The Long Goodbye
By Jay Porter
Thursday, 21 July 2011
“We sat in the corner of the bar at Victor’s and drank gimlets. “They don’t know how to make them here,” he said. “What they call a gimlet is just some lime or lemon juice and gin with a dash of sugar and bitters. A real gimlet is half gin and half Rose’s Lime Juice and nothing else. It beats martinis hollow.” – Raymond Chandler, The Long Goodbye
I love gimlets. I love bars. And I love Raymond Chandler, whose finest book, The Long Goodbye, is about gimlets and bars as much as it’s about anything.
Chandler was living in La Jolla when he wrote that book, and I’ve read that he passed many evenings with Max Miller and Neil Morgan, drinking in a small cantina in the Upper Hermosa.
Chandler must have loved bars, too, or at least loved his local:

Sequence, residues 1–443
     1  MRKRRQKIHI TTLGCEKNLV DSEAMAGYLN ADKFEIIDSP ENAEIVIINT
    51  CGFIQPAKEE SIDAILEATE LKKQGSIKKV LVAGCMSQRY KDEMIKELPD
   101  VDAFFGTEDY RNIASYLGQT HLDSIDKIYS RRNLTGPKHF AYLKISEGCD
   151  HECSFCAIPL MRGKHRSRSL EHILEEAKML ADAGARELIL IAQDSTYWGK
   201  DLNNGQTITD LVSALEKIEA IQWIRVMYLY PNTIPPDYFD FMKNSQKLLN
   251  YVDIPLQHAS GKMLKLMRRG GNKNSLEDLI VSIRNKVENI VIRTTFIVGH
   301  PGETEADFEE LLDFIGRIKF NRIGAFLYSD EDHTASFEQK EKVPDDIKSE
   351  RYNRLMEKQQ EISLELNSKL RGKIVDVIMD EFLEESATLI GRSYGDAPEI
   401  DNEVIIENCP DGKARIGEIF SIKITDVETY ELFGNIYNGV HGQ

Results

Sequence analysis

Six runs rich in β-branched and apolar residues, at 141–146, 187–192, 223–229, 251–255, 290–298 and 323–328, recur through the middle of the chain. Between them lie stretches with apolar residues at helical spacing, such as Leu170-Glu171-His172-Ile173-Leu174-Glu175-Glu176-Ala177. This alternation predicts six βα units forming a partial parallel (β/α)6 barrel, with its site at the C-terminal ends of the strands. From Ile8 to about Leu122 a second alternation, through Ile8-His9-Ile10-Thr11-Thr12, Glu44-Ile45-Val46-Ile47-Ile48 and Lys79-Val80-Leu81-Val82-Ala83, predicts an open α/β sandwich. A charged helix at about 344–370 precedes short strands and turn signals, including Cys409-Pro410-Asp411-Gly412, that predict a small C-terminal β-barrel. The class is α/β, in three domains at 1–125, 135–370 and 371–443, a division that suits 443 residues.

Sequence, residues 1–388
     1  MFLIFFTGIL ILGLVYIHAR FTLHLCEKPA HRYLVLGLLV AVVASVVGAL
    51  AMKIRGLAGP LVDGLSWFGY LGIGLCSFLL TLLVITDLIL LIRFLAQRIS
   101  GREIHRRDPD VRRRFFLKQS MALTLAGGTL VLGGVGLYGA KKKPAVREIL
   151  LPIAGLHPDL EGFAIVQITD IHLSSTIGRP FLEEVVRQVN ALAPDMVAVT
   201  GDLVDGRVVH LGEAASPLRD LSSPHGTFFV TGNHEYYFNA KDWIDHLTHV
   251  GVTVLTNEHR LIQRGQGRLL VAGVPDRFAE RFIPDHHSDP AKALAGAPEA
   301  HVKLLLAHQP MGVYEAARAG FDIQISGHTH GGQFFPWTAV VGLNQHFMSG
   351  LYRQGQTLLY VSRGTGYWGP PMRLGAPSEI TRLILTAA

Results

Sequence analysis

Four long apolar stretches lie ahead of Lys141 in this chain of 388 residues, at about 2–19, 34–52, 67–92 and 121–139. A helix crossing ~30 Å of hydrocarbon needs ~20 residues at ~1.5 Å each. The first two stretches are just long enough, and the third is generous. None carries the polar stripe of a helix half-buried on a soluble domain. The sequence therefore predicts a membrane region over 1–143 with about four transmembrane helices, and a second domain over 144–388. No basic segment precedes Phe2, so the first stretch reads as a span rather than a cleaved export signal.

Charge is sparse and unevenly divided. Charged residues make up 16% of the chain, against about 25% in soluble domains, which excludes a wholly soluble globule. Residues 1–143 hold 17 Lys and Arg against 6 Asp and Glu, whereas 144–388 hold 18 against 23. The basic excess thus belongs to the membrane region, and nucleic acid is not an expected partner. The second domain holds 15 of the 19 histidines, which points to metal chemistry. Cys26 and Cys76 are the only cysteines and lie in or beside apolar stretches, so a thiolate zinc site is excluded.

I like bars just after they open for the evening. When the air inside is still cool and clean and everything is shiny and the barkeep is giving himself that last look in the mirror to see if his tie is straight and his hair is smooth. I like the neat bottles on the bar back and the lovely shining glasses and the anticipation. I like to watch the man mix the first one of the evening and put it down on a crisp mat and put the little folded napkin beside it. I like to taste it slowly. The first quiet drink of the evening in a quiet bar — that’s wonderful.
When we were putting together an El Take It Easy cocktail program embracing the traditions of San Diego/Tijuana, it would clearly have been a crime to omit Chandler and his gimlet. But, we’re not as formalist as Terry Lennox, the character through whom Chandler shared his cocktail philosophy. So our gimlet was likely to get a wee bit creative.
One thing led to another, and we were all sitting in Dean’s living room, drinking mescal gimlets, with the longest, most satisfying finish of any cocktail we’d tried in a long time.
To be known as, The Long Goodbye.
It’s a simply made drink. A very nice joven mescal (Sacacuento)…”
Read Jay’s full post and learn more about the “The Long Goodbye” recipe at http://thelinkery.com/blog/anatomy-of-a-mescal-gimlet/